Our guide explained the process of printing the typesetting in Korean traditional mulberry paper and gave us printed samples as a souvenir. Poet Yun Dong-ju’s beautifully printed poem Seosi (Forward) looked even sadder on paper. The back side of the print was embossed, which was quite different from the paper of mass-produced books. Actually, many poets make their poem books here for their collection. Our guide told us that we could take our favorite vowels and consonants among the Ming-style printing types placed on the typeface shelf, and that the price of each typeset of vowels and consonants was 1,000 won. I selected vowels and consonants for my name as a souvenir for myself. Unfortunately, the place did not have any resting space, but I could understand the workshop’s strict rule of keeping the place’s austere and respectful feel.
Address : 9-6, Gwanginsa-gil, Paju-si, Gyeonggi-do
Website : Click here
To change my mood, I decided to move to a place where I could enjoy the sunset. A garden with 33 stories, a space with ivory-colored sculptures dyed with the glow of the sunset in the evening—it is First Garden. After opening the gate of the exotic garden and walking along trees outlining the shape of the space,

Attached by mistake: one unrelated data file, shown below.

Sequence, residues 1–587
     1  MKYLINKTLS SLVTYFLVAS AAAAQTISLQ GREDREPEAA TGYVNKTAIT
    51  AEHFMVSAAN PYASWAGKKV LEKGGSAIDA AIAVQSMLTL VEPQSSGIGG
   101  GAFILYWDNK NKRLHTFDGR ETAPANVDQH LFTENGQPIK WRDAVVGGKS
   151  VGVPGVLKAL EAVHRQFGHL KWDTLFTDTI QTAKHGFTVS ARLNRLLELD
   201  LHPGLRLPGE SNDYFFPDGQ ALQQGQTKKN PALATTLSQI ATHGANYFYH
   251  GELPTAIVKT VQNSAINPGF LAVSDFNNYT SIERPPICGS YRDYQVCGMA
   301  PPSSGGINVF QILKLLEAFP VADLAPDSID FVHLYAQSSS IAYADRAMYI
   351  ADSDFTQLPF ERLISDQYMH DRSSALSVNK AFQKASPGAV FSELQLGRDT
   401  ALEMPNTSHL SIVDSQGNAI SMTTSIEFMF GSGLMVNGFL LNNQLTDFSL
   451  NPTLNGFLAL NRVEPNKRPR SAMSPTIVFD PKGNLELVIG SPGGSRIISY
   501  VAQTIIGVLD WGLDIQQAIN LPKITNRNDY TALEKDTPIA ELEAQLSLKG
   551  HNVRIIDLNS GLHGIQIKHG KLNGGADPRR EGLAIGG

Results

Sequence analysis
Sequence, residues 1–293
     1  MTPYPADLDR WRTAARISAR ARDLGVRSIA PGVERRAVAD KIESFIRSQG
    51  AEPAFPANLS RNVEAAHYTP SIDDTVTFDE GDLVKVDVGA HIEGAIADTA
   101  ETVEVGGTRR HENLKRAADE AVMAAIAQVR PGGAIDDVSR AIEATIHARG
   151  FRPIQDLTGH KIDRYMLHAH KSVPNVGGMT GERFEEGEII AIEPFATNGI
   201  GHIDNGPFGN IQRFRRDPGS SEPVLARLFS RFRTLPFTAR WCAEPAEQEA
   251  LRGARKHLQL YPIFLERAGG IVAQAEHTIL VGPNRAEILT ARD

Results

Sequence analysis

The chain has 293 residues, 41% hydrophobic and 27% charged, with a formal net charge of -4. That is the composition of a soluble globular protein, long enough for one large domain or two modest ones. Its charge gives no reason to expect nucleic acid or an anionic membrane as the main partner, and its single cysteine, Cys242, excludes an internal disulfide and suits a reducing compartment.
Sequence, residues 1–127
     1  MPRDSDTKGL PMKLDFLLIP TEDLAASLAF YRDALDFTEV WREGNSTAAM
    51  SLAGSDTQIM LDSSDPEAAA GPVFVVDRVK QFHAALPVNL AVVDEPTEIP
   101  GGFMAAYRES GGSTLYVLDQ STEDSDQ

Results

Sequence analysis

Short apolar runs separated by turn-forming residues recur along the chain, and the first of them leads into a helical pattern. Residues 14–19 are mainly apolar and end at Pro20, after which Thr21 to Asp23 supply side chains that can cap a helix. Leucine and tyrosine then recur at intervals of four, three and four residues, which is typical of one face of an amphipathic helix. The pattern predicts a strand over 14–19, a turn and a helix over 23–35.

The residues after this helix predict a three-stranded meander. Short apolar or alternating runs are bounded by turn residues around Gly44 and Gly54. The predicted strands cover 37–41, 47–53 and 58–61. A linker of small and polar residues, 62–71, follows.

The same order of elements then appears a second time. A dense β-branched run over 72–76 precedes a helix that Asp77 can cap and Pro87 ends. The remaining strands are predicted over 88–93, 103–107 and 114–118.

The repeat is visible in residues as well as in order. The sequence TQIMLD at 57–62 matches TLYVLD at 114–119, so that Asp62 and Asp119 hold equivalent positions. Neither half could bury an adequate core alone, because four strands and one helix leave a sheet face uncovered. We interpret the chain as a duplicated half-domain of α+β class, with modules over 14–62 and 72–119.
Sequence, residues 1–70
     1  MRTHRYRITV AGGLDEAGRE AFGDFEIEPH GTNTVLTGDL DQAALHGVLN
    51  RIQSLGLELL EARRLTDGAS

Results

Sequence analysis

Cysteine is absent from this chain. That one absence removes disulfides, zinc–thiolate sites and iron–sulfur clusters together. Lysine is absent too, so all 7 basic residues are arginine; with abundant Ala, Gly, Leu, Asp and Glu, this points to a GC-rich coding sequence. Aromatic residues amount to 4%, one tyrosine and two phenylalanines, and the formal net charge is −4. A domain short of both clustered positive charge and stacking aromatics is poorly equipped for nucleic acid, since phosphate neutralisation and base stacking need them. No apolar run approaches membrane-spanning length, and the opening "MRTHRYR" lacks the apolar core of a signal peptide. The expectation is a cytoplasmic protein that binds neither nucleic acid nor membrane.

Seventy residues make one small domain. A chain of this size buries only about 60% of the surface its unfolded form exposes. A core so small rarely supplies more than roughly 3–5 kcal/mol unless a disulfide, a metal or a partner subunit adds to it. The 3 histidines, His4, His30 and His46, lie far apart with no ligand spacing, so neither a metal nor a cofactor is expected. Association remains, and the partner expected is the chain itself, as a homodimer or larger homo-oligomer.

I felt like I was brought back to the Roman or Greek period. Whenever I wandered in the desert, the oasis at sunset offered me various colors of light. Colorful lightings on trees turning on one by one, soft light from restaurants built in the shape of Greek temples…you can see a peacock while walking along the path. If animals have a myth, the bird probably has its size and sound equivalent to those of the Titans tribe. The beauty of the bird is almost goddess-class. The most beautiful garden here is Jasu Garden.
The highlight of the garden is Poseidon with a three-pronged spear at the fountain in the center of the garden. There is a majestic sculpture supported by horses as his symbol, as well as that of his children with a snake tail. Simply looking at the sculpture beats the scorching summer heat. The waterfall from the fountain made by the majestic god of the sea provides a cool feel, and the water drops over the flower petals of fully blossomed roses in the surrounding gardens bear dew from flowers. I took photos of memorable moments. The island in the pond at the Wetland Garden located at the end of the Wedding Hall is a good place to take photos as couples spend a leisurely time. Maybe because it has been featured in TV dramas or music videos, but more people seem to come to the place as evening time came. I strongly recommend visiting this place when you feel very tired during the hot summer season. You never know, you may get lucky and see actors Song Joong-ki and Song Hye-kyo who are engaged to be married.
Address : 260, Tapsakgol-gil, Paju-si, Gyeonggi-do
Website : Click here